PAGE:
8. is non-essentialist, i.e. it doesn’t reduce learners to stereotypes, but rather legitimizes individual identities
9. is self-reflexive
It happened to me once, that with my business students we were reading a text about the role of women in society. We end up discussing weather things are equal or not between men and women. They all had quite a traditional point of view around the issue: (should point out at this moment that they were three men and ME =) ) we are all for equality, but at the end of the day, I want to go back home and have everything spotless clean and the children ready to play with me, of course I may HELP with the dishes. Does it sound familiar?
I won’t define myself as a feminist, but I go for choice. It is ok is some women choose to be devoted housewives, but what if that is not their choice? I started posing them lots of questions, to make them realise that we are far from being equal. What happens if a couple agrees on the woman being the breadwinner and the man staying at home doing the housework and looking after the children? Their first reaction was, I would feel guilty if that was my case. They looked at me even with greater astonishment when I played the devil advocate and said: “I’d love to have that kind of agreement. I hate cleaning, cooking, etc. And I love my job” Why isn’t that possible? Who decides that? Not happy with that, I retorted: what happens when a woman says she doesn’t want to be a mother? Why is it ok when a man says that and we cannot accept it in a woman?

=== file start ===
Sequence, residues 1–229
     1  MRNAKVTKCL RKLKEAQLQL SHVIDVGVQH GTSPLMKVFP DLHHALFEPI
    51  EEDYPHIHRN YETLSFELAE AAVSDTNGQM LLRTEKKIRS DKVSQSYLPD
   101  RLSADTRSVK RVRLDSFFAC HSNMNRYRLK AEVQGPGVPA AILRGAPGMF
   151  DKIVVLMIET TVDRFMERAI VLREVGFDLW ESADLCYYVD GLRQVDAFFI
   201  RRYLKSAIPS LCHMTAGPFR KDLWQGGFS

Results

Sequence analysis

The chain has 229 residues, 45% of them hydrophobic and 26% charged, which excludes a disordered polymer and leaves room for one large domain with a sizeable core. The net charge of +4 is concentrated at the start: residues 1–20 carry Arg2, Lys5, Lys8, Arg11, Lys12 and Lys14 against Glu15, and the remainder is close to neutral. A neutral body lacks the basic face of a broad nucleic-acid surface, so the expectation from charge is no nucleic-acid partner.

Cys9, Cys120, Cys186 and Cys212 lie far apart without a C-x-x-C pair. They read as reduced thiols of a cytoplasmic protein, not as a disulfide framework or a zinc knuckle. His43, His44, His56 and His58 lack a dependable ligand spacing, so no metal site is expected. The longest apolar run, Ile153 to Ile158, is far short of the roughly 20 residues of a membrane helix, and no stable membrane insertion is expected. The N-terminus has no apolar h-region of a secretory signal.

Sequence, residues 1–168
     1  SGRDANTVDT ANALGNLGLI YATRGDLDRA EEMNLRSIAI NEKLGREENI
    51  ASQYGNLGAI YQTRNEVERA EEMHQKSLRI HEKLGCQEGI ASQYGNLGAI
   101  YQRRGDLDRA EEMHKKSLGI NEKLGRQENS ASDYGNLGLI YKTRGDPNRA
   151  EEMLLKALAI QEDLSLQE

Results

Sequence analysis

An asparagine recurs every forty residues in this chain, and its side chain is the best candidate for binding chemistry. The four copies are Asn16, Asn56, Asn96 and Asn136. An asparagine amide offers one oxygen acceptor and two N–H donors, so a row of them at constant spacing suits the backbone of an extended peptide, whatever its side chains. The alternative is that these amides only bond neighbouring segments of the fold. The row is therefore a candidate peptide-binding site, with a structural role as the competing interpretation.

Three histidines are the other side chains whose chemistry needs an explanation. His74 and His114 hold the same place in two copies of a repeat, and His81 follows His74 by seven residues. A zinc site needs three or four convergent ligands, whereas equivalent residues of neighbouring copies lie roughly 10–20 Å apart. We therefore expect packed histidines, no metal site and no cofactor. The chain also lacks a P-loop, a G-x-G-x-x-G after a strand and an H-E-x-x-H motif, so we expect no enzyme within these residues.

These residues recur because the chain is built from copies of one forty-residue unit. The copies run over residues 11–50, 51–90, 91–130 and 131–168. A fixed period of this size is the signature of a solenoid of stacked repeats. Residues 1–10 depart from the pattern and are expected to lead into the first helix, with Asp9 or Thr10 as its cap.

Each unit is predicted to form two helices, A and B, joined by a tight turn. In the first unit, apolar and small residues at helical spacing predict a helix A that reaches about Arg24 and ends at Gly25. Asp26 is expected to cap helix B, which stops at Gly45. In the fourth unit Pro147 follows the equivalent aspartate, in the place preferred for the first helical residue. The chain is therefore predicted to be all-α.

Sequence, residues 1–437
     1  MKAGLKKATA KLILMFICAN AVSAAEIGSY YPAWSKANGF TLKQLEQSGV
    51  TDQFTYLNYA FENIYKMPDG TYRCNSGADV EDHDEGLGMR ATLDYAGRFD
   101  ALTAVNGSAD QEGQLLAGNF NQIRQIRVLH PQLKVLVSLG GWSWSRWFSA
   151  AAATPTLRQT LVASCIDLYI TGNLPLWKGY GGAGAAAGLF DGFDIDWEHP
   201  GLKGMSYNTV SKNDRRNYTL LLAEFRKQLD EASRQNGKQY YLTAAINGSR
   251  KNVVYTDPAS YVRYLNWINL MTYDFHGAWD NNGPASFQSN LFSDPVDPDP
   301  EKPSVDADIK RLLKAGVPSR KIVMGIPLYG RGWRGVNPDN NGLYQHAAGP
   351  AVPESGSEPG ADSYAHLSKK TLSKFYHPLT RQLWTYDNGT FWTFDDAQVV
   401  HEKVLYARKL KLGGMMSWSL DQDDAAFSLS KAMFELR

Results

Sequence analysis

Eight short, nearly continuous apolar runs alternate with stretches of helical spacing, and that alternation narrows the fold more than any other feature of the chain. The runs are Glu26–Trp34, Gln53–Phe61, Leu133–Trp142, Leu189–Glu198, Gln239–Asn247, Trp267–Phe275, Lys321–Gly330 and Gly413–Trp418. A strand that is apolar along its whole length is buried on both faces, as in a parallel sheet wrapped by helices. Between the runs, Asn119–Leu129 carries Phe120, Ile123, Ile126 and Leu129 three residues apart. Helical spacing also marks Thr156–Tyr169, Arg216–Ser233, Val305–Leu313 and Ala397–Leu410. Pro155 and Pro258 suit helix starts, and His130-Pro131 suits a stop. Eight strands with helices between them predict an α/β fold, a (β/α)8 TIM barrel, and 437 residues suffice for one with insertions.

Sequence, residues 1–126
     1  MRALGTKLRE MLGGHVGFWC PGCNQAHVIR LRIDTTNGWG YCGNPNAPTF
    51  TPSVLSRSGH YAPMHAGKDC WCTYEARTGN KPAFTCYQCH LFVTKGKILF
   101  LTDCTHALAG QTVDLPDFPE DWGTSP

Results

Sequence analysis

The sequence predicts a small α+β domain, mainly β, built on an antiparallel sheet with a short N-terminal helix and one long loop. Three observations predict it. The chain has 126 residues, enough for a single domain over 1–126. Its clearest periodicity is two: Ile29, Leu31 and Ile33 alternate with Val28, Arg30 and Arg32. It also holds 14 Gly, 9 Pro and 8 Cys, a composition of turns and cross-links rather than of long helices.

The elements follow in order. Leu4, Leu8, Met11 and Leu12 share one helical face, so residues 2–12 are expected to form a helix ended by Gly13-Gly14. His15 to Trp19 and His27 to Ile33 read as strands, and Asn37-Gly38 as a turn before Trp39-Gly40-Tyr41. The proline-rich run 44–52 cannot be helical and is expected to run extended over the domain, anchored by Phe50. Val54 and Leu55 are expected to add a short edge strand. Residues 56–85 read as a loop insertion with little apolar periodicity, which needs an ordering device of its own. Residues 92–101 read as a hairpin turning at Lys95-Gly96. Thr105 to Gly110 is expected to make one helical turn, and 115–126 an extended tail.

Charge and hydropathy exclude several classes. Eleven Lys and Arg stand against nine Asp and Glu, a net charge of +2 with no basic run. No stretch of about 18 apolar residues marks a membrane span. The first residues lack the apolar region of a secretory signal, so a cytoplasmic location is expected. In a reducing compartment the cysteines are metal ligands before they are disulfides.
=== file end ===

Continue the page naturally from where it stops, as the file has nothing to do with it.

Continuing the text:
We concluded that there is nothing wrong with traditional families and we can take our own decisions, however, we shouldn’t criticise other people’s choices. My students left the room wondering. At least I have shown them that there is not one-fit-for-all answer for certain issues, and we should become more tolerant and respectful. Is this what you would call critical thinking? What happens in your classrooms?
I am very happy to announce that my 5th Grade students’ class blog “Into the Wild” has been nominated as “Best Class Edublog 2010”. This is the second time that one of my students’ class blog is nominated to the same award (last year it was Saintexupery6 ), and it makes me feel really proud of my students and very enthusiastic because I know they will be thrilled with the news. I would like to take this opportunity to thank them for all their hard work and their good disposition during the class. And well, if you are reading this post, liked “Into the Wild” and would like to make my students even happier…